Al Lyons on Using Passive Optical Network Technology to Design Smarter Buildings
New network technologies enable designers to create buildings that support communications requirements with less space, power, cooling and infrastructure. Passive optical networks (PONs) use fiber optic cables that transmit signals more effectively than traditional copper cable-based networks.
For the past several years, PON technology has been used to deliver phone, data and television services into homes. Today, PON equipment is being repackaged into devices appropriate for installation in many building types. Integrating PONs into a building design can generate significant first-cost and long-term operational savings.
A PON is more flexible, efficient and effective than conventional Ethernet-based networking technologies for several reasons:
- The maximum cable length between an end user outlet and active network electronics is 20 kilometers (6 miles). That’s 200 times as long as the 100-meter (328-foot) limitation of a conventional Ethernet system. Using a PON greatly reduces cable quantities and size requirements and could eliminate the need for several communications closets.
- With a PON, distribution from the main communications room to outlets is based on passive optical splitters that require no power or cooling. Because conventional active Ethernet equipment requires both power and cooling, PON technology can cut energy use by up to 60 percent.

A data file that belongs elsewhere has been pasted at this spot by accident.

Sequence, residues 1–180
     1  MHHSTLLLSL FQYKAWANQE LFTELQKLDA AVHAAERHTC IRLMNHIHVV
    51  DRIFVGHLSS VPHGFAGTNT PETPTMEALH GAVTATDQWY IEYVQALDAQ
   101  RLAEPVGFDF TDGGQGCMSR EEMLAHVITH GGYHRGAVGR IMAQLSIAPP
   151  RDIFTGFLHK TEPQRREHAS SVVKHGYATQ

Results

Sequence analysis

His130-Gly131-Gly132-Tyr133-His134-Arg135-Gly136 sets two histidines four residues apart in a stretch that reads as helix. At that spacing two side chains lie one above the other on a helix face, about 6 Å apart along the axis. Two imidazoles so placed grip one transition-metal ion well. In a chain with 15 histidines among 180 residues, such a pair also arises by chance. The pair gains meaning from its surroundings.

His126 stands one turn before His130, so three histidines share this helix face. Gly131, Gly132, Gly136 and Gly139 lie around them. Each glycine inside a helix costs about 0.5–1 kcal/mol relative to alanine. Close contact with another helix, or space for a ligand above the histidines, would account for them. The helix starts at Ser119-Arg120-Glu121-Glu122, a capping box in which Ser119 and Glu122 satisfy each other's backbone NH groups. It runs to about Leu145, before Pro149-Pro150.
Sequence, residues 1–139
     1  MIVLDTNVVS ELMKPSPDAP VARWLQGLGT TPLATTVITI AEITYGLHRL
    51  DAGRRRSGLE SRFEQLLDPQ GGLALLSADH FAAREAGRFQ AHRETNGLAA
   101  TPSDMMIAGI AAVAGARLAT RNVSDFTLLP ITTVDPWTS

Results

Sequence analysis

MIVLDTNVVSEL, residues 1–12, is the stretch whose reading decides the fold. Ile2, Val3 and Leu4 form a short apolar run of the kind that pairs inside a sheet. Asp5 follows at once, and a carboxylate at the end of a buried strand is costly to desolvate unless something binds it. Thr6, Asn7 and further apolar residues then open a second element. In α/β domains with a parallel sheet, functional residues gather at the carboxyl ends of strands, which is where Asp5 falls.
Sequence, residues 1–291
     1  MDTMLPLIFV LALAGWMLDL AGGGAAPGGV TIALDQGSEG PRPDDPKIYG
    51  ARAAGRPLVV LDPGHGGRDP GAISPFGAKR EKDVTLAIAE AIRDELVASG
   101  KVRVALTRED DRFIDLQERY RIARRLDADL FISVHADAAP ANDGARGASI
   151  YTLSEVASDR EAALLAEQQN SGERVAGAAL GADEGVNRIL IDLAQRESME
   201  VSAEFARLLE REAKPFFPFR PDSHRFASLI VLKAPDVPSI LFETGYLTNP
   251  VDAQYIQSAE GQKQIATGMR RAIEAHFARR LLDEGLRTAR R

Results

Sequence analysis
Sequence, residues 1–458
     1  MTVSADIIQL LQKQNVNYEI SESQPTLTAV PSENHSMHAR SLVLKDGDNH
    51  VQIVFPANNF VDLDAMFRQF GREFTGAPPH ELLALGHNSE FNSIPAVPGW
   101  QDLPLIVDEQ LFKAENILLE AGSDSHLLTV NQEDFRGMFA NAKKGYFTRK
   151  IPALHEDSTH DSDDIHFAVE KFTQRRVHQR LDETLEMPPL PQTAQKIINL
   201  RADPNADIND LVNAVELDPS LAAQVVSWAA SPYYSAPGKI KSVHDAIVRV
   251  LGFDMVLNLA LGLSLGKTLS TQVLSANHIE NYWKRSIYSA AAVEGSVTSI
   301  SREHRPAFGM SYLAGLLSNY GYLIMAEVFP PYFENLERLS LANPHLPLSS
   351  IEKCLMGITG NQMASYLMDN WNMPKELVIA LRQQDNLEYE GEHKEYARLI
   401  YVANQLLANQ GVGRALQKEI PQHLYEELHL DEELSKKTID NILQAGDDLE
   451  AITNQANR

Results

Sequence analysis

- One strand of single mode fiber can support more than 100 communications jacks in 32 locations. A conventional Ethernet system would require more than 100 Category 6A cables, which means PONs can reduce the size of cable pathways by up to 90 percent.
- The availability of a PON is 99.999 percent, resulting in about 5.39 minutes per year of downtime. A design that incorporates redundancy can improve on this.
- The bandwidth of unshielded twisted pair (UTP) copper cables used to deliver conventional Ethernet is limited. With a PON, the bandwidth is limited only by the electronics attached to the ends of the cable. When bandwidth demand surges, network capacity can be increased by changing the end devices. This is easier and more affordable than switching the cabling.
To learn more about incorporating PON technology in your building project, contact HOK Information Technology and Communication (ITC) Engineering Director Al Lyons at firstname.lastname@example.org or 212.981.7396.